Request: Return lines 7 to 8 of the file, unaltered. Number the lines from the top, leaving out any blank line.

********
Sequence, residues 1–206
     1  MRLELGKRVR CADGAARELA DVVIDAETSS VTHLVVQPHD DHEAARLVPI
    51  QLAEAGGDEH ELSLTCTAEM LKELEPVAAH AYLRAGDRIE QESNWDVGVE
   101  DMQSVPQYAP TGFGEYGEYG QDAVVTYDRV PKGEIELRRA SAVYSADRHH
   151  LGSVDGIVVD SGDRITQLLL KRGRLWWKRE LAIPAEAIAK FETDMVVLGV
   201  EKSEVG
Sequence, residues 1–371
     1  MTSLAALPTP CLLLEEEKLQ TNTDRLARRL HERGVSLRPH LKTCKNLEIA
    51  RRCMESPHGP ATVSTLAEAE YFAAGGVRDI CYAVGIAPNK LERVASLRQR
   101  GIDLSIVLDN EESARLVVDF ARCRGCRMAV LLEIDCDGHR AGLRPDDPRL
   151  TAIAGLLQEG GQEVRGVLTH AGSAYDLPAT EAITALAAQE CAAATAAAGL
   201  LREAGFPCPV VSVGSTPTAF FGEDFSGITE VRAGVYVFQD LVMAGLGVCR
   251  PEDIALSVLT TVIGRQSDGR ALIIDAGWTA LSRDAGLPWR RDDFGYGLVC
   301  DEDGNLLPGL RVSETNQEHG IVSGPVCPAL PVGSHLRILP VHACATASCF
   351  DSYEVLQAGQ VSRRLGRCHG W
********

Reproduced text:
Sequence, residues 1–371
     1  MTSLAALPTP CLLLEEEKLQ TNTDRLARRL HERGVSLRPH LKTCKNLEIA